COLORADO SPRINGS, Colo. — As the lead archaeologist for the city of Colorado Springs, the biggest discovery of Anna Cordova’s (’06, ’16) career are artifacts tied to the city’s founder, Gen. William Jackson Palmer.
The first item surfaced at Garden of the Gods during a flood mitigation project: an intact cobalt bottle that Anna traced to 1889. As workers’ trucks wore away vegetation, more century-old artifacts were unearthed from what was determined to be buried trash heaps.
Using historical documents and consulting with local historians, Anna linked the items to Palmer and his nearby Glen Eyrie estate, where he lived from about 1871 when he founded Colorado Springs until his death in 1909.
Palmer, who co-founded the Denver & Rio Grande Western Railroad, was known for his philanthropy, donating money and land to build roads and parks. He’s even connected with UCCS, having donated the original funds and acres on which the tuberculosis sanitarium — that is now Main Hall — was built in 1902.
Uncovering artifacts tied to such a prominent historical figure is rare. Palmer has been called the Rockefeller of the West. “This was a once-in-a-lifetime find,” Anna said. “It’s very, very, very cool.”
In 2018, archaeologists from across the country helped excavate roughly 60,000 artifacts from the site. The items included fragments of porcelain dishes, Bundt cake pans, satin-enameled bricks imported from Chicago, light bulbs, Worcestershire bottle caps, oyster shells, leather shoe soles, IV bottles, clothing buttons, fish bones, and peach pits.
“We’ll be able to look at their daily life there, where they were importing things from and what they were eating,” Anna said. “I think the most interesting thing we’ll learn from the site is how a high-status person was living at that time in the West.”
A collection of the artifacts, which are being analyzed, is scheduled to be on display at The Colorado Springs Pioneers Museum in late 2019.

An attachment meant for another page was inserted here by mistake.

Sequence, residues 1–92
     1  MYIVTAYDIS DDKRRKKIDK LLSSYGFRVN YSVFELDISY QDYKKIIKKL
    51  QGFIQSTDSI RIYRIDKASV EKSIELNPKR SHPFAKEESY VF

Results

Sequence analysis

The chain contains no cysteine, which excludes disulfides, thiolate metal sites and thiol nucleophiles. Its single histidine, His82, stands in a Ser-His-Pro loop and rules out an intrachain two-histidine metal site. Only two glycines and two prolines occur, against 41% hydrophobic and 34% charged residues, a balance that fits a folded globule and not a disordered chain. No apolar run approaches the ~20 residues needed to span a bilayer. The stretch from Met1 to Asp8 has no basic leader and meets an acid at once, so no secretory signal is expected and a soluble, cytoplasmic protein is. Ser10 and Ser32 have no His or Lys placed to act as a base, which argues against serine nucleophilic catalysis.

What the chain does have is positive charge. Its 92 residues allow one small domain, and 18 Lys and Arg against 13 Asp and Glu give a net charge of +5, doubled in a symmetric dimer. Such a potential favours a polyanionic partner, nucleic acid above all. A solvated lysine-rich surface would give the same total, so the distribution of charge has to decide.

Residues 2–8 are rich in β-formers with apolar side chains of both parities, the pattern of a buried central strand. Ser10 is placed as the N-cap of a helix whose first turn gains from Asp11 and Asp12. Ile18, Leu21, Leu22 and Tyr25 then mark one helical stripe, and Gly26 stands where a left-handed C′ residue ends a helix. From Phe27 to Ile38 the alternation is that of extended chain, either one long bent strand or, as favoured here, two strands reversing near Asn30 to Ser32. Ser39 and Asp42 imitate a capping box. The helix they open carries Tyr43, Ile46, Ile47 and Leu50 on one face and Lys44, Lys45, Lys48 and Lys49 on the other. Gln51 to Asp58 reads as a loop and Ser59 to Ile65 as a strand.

At UCCS, Anna took junior-level anthropology classes as a freshman. She unearthed her first artifact that summer during a UCCS archaeology field school east of Colorado Springs, finding shards of Plains Woodland pottery that dated back about 2,000 years.
“On the inside was the maker’s fingerprints, and that was really cool,” said Anna, who received a Bachelor of Arts in anthropology with an emphasis in archaeology in 2006. “You can’t get more individual and personal than someone’s fingerprints.”
As a sophomore, she did archaeological work in Belize at a 19th century Maya village with Minette Church, a UCCS associate professor of anthropology, who remains her mentor.
Anna’s first paying archaeology gig was a work-study position for Church, analyzing artifacts she and other students excavated from an 1880s Hispanic homestead in southern Colorado.
“I had 100 questions for her every day. I was doing it all by myself, and there was a big learning curve. The patience she had to have, and it’s not like I was her only student,” she said. “I realize how lucky I was to have the opportunities I did as a student.”
Anna spent about six years in Hawaii cataloging artifacts and meeting with native communities before returning to UCCS for graduate school. In 2016, she received a Master of Arts in applied geography and environmental studies, with an emphasis in archaeology and indigenous geographies. She remains heavily involved with UCCS, where she’s taught an archaeology field school, given guest lectures, invited students to intern with her, and confers with professors.
Anna discovered her oldest artifact, a Folsom spear point, in southern Colorado as an undergrad conducting one of her first professional surveys. The spear point dates back at least 8,000 years.
Not knowing what she may find next is part of the draw — and she has personal history with Colorado. Her family has indigenous ties here.
“There’s something about doing archaeology in a place that your ancestors have been, some of them for thousands of years,” she said. “That connection, especially to these landscapes, it’s like my 10 times great-grandfather or great-grandmother could’ve seen this exact site, this exact view.”
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